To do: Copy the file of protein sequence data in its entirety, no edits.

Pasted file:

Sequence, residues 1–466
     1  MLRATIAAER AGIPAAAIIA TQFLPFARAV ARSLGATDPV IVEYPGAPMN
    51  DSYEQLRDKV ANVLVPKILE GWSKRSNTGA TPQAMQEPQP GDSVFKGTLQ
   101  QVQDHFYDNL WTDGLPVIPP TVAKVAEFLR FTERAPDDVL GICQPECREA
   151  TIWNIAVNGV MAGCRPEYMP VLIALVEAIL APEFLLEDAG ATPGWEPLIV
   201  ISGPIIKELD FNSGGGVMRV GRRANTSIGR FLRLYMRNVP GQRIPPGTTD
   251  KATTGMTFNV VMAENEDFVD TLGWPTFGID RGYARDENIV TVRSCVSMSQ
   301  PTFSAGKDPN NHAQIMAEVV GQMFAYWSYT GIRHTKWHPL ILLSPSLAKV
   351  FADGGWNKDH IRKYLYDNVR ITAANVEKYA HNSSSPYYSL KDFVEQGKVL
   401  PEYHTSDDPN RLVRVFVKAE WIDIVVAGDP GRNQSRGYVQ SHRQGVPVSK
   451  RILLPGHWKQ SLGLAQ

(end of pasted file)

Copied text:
Sequence, residues 1–466
     1  MLRATIAAER AGIPAAAIIA TQFLPFARAV ARSLGATDPV IVEYPGAPMN
    51  DSYEQLRDKV ANVLVPKILE GWSKRSNTGA TPQAMQEPQP GDSVFKGTLQ
   101  QVQDHFYDNL WTDGLPVIPP TVAKVAEFLR FTERAPDDVL GICQPECREA
   151  TIWNIAVNGV MAGCRPEYMP VLIALVEAIL APEFLLEDAG ATPGWEPLIV
   201  ISGPIIKELD FNSGGGVMRV GRRANTSIGR FLRLYMRNVP GQRIPPGTTD
   251  KATTGMTFNV VMAENEDFVD TLGWPTFGID RGYARDENIV TVRSCVSMSQ
   301  PTFSAGKDPN NHAQIMAEVV GQMFAYWSYT GIRHTKWHPL ILLSPSLAKV
   351  FADGGWNKDH IRKYLYDNVR ITAANVEKYA HNSSSPYYSL KDFVEQGKVL
   401  PEYHTSDDPN RLVRVFVKAE WIDIVVAGDP GRNQSRGYVQ SHRQGVPVSK
   451  RILLPGHWKQ SLGLAQ